Even Book Publishers Are Cracking Down On Pre-Release Copies?

from the if-that's-their-biggest-worry... dept

We’ve heard plenty of stories about how the movie industry was freaking out about sending out “screener” copies of DVDs for the Academy Awards leading them to do things like send special DVDs that can only be played in special players or ban the use of screeners completely. However, would you ever expect the book industry to do the same thing? It’s not digital copies they’re worried about — but apparently some publishers are so worried about the “secondary market” of people selling their review copies on eBay that they’ve trying to limit the practice. Copyfight notes that Neil Gaiman claims HarperCollins has only sent out 450 pre-release copies of his new book and each one is individually numbered to track it. This, clearly, isn’t an across the board policy at Harper Collins as I have a package from them on my desk with a pre-release review copy that I received on Friday. Amusingly, it’s a book where I already have a copy (I know the author, and he gave it to me personally), but as far as I can tell, the book has no specific numbering on it — so this must be a more specialized case. Either way, you have to wonder what HarperCollins is really concerned about? Are there really going to be so many lost sales because some people sell the pre-release copies? Book publishers certainly have a history of not really understanding the internet, but this seems a bit ridiculous.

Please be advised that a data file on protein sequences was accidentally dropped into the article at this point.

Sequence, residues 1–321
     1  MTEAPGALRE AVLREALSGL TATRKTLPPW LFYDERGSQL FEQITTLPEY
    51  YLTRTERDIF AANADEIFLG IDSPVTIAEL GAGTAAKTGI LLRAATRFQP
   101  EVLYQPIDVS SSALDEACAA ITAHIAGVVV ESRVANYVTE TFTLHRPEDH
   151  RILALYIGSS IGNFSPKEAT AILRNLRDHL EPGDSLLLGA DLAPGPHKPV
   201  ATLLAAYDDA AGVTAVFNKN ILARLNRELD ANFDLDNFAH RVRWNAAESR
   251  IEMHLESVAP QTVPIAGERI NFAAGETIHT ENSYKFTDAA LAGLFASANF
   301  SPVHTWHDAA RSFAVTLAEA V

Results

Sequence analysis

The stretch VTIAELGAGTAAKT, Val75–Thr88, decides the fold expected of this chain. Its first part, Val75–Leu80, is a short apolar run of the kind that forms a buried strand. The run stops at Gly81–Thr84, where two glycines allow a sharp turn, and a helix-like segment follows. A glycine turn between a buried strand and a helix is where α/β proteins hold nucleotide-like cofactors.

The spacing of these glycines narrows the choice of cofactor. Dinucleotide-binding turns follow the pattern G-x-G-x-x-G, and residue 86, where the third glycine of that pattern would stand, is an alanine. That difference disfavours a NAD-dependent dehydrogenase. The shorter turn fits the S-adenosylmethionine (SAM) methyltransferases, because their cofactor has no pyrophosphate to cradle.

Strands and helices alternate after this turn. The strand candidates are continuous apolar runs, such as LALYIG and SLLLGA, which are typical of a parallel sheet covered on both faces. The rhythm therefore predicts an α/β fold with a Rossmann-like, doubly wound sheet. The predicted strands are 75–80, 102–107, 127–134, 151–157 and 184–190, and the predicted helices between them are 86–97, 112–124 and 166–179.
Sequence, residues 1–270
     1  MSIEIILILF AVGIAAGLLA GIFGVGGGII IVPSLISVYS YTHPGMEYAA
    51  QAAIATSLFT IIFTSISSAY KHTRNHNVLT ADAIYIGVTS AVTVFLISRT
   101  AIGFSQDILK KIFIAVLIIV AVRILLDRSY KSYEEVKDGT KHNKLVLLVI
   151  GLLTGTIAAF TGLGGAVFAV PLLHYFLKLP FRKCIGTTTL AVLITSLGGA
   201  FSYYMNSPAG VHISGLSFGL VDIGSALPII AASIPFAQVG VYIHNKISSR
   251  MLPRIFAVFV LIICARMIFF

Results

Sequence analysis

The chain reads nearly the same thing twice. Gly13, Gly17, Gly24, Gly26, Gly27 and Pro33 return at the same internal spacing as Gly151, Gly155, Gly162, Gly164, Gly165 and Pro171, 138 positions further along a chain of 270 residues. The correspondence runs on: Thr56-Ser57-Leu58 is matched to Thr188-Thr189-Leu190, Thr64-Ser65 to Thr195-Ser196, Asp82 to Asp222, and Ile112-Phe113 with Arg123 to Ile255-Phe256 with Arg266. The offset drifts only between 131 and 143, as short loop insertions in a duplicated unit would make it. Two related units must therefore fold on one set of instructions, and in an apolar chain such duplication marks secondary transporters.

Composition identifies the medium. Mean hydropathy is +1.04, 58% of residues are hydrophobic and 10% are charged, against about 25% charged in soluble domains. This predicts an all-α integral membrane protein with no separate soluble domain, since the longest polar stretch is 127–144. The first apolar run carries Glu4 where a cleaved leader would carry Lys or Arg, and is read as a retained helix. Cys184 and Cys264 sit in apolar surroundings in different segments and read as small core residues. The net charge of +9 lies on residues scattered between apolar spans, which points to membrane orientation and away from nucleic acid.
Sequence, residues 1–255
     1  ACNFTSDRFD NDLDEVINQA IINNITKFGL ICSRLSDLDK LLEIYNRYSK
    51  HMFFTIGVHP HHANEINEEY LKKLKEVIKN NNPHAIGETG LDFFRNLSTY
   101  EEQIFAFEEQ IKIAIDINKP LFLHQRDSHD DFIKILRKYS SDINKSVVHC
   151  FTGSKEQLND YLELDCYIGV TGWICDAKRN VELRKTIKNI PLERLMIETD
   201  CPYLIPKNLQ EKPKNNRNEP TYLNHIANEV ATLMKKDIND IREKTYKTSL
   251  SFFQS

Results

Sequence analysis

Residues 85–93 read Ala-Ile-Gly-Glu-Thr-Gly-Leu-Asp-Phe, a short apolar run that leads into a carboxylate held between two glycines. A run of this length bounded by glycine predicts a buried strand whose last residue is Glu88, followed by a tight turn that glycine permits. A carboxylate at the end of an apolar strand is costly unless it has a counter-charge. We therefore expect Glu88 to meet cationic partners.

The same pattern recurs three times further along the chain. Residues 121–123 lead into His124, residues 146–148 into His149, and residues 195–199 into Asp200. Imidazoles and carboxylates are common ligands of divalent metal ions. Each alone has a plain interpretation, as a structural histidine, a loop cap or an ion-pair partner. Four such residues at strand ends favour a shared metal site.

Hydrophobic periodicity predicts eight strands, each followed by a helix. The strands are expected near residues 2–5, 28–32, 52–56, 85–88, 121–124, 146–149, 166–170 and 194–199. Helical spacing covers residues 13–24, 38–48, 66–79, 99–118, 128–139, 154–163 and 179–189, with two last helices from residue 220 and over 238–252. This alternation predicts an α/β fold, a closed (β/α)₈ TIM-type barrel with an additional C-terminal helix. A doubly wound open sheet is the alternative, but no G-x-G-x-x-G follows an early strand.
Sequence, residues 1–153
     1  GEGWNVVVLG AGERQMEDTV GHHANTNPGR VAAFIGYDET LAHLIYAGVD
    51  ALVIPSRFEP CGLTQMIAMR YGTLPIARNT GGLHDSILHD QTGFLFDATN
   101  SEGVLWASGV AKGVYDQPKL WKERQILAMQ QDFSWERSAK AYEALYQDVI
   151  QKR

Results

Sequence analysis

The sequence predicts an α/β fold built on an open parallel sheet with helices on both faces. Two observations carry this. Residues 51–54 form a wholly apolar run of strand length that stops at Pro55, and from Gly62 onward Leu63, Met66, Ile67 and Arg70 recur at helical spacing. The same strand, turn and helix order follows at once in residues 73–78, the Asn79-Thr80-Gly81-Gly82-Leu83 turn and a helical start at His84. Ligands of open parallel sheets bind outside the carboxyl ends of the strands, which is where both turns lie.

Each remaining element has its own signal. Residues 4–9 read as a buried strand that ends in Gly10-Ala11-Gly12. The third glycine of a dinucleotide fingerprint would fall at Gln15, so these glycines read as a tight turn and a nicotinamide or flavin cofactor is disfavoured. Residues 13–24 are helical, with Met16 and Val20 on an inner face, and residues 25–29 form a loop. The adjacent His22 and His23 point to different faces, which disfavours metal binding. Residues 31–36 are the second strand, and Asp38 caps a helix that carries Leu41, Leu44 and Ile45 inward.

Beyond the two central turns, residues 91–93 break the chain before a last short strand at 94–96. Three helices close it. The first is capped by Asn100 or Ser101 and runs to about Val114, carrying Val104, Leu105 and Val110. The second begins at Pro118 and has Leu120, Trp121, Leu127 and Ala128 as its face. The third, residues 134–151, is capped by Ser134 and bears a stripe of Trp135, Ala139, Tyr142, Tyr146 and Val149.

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Comments on “Even Book Publishers Are Cracking Down On Pre-Release Copies?”

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Paul TS Lee says:

wherefore the review copies

Gaiman notes in yesterday’s entry of his blog/journal that this 450 limit means that he only gets one copy of the proof, and can’t give them out personally as he sees fit.

In the same post, he also notes that the proofs of Anansi Boys that have already shown up on eBay are labeled as “unread”, which seems (to me) to defeat the purpose of these proofs. Perhaps HarperCollins should include a little quiz with each copy, on which the reviewer must at least get a passing grade before being allowed to “dispose” of the proof in whatever way s/he sees fit.

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